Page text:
A number of recent posts have been circulating regarding pedophiles and sex offenders in the Church, specifically claiming that because of the extreme clinical nature of this sin/crime, known child sex offenders ought not be ever allowed to attend worship services where children are present.
A few thoughts:
1. First, as a Bible believing Christian, I happen to believe that in a more Christian society, the death penalty would be promptly administered for the worst of these predators. This is sometimes a form of rape where consent cannot be given by the nature of the case, and the law of Moses considers this sort of assault akin to murder (Dt. 22:25-27). What follows should in no way be thought of as going light on actual child rapists. However, we have every reason in the world to be skeptical of our culture suddenly growing a biblical backbone about sexual morality. We chop up little babies so we can have orgasms whenever and however we want. We are so drunk on the guilt of state supported infanticide that we are hardly to be trusted as the defenders of children. And now comes a crop of articles getting all fundamentalist up in here. But in this current cultural haze, we need to be crazy wary of any form of fundamentalism not explicitly backed up by Scripture. Turns out that’s only two steps away from tyranny, and one step away from the current sodomite regime. We need to think and speak very carefully about all of this.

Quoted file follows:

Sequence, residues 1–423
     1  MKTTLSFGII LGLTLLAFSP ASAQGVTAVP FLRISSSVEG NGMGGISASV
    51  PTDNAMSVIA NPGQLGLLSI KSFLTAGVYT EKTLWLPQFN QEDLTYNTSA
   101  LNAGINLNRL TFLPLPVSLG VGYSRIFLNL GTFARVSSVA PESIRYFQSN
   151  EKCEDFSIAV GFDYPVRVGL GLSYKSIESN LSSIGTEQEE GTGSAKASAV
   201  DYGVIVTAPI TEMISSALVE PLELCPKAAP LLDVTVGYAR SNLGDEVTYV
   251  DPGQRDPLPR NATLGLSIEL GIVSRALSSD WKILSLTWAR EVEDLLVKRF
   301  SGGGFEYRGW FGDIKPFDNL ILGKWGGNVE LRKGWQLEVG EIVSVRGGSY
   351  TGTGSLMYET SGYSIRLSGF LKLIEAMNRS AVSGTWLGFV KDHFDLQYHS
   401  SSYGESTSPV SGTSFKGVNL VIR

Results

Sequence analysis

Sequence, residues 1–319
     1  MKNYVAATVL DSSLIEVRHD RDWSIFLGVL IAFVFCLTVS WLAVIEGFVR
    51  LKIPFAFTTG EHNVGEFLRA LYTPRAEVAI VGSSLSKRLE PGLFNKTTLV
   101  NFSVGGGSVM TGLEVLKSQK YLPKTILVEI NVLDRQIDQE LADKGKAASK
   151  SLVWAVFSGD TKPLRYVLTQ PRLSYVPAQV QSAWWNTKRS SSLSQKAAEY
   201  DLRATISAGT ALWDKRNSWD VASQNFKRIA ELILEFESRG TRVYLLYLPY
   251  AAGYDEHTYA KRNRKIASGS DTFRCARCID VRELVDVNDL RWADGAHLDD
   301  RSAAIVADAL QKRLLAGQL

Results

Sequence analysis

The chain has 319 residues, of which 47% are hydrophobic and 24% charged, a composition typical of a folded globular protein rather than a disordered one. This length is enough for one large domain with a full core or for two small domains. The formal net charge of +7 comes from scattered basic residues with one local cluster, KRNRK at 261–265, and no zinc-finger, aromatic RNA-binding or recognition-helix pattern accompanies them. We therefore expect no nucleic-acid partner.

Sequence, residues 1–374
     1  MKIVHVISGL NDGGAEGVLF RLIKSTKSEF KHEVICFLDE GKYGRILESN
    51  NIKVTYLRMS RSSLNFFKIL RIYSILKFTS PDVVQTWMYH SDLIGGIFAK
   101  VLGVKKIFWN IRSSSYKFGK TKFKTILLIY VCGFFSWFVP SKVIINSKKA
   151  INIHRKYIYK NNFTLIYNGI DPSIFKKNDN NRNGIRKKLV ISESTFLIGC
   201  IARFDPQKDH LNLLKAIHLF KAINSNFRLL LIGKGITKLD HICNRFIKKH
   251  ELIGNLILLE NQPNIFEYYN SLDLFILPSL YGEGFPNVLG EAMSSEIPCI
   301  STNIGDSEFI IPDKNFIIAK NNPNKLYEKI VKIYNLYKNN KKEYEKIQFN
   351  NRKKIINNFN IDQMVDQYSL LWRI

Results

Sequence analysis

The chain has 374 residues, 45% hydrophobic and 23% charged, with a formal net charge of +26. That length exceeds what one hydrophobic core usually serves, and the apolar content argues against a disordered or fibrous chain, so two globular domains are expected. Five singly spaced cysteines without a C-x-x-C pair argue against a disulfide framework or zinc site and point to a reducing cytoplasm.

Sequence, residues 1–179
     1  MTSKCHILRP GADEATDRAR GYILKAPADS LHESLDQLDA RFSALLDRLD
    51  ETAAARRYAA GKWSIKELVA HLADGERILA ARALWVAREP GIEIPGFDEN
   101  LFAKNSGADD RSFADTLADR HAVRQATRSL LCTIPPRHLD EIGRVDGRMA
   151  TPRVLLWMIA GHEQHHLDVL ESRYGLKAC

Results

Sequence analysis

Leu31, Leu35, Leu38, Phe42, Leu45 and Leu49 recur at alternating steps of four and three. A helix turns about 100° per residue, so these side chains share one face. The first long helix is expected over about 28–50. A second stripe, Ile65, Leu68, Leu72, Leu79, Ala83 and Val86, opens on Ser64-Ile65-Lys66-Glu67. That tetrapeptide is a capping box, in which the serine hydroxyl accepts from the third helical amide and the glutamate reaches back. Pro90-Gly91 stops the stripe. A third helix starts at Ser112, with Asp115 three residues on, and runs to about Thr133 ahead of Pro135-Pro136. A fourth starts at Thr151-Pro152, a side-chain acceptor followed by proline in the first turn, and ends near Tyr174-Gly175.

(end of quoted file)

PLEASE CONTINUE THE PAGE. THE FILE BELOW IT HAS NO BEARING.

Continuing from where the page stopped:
2. One of the complicating factors we have in this whole discussion is an enormous confusion about the difference between forgiveness and trust. Jesus commands us to forgive anyone, anytime (Mt. 18:21-22). But forgiveness doesn’t invite the repentant drunkard out to the pub for a celebratory drink. Forgiveness doesn’t allow the pilfering pastor to continue mounting the pulpit, no matter how misty his eyes or trembling his voice. Forgiveness doesn’t smile and nod when the repentant porn addict says he’ll be searching Google till three am, but don’t worry he’s forgiven. Forgiveness releases the debt for the sake of Jesus’ blood, but depending on the offense, forgiveness is also often a certain level of commitment to love the repentant brother/sister back to faithfulness. Forgiveness doesn’t hold sin against the sinner, but forgiveness doesn’t pretend there is nothing to watch out for, nothing to guard against. Christians must have no trouble extending forgiveness to repentant sex offenders, and biblical Christians should understand simultaneously that this in no way qualifies them for an accountability-free existence in the Church. Churches who hire repentant pedophiles to run the nursery ministry are specimens of extreme folly and don’t know what spirit they are of. The Church, because we are committed to repentance, should be a place where there is free forgiveness and lots of barbed wire cheerfully and lovingly strung up around the pits and ditches for those repenting of entrenched sin. And it is the wise combination of this forgiveness and accountability that is the means to rebuilding true trust.